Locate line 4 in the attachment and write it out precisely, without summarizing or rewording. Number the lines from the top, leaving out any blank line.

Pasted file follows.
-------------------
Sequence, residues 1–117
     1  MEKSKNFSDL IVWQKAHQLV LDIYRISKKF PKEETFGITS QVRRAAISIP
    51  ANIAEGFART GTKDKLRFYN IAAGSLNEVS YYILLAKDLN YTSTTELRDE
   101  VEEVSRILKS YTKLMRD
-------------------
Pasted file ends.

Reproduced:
   101  VEEVSRILKS YTKLMRD